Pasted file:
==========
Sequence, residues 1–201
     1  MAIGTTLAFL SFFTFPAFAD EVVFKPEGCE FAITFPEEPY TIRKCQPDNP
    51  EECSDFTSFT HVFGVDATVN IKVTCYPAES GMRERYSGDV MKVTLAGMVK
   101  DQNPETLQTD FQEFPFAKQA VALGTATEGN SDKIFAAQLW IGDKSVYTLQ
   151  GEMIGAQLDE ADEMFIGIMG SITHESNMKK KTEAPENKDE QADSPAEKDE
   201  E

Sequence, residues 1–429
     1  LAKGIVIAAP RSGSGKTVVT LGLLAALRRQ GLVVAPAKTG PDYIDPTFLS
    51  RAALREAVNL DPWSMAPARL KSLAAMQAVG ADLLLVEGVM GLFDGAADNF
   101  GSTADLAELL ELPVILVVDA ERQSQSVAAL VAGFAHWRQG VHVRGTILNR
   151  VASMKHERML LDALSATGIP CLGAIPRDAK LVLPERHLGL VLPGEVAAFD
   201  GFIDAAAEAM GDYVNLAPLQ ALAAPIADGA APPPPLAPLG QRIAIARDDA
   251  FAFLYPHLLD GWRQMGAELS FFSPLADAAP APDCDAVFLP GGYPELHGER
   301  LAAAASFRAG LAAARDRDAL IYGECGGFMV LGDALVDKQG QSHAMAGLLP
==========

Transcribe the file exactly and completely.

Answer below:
Sequence, residues 1–201
     1  MAIGTTLAFL SFFTFPAFAD EVVFKPEGCE FAITFPEEPY TIRKCQPDNP
    51  EECSDFTSFT HVFGVDATVN IKVTCYPAES GMRERYSGDV MKVTLAGMVK
   101  DQNPETLQTD FQEFPFAKQA VALGTATEGN SDKIFAAQLW IGDKSVYTLQ
   151  GEMIGAQLDE ADEMFIGIMG SITHESNMKK KTEAPENKDE QADSPAEKDE
   201  E

Sequence, residues 1–429
     1  LAKGIVIAAP RSGSGKTVVT LGLLAALRRQ GLVVAPAKTG PDYIDPTFLS
    51  RAALREAVNL DPWSMAPARL KSLAAMQAVG ADLLLVEGVM GLFDGAADNF
   101  GSTADLAELL ELPVILVVDA ERQSQSVAAL VAGFAHWRQG VHVRGTILNR
   151  VASMKHERML LDALSATGIP CLGAIPRDAK LVLPERHLGL VLPGEVAAFD
   201  GFIDAAAEAM GDYVNLAPLQ ALAAPIADGA APPPPLAPLG QRIAIARDDA
   251  FAFLYPHLLD GWRQMGAELS FFSPLADAAP APDCDAVFLP GGYPELHGER
   301  LAAAASFRAG LAAARDRDAL IYGECGGFMV LGDALVDKQG QSHAMAGLLP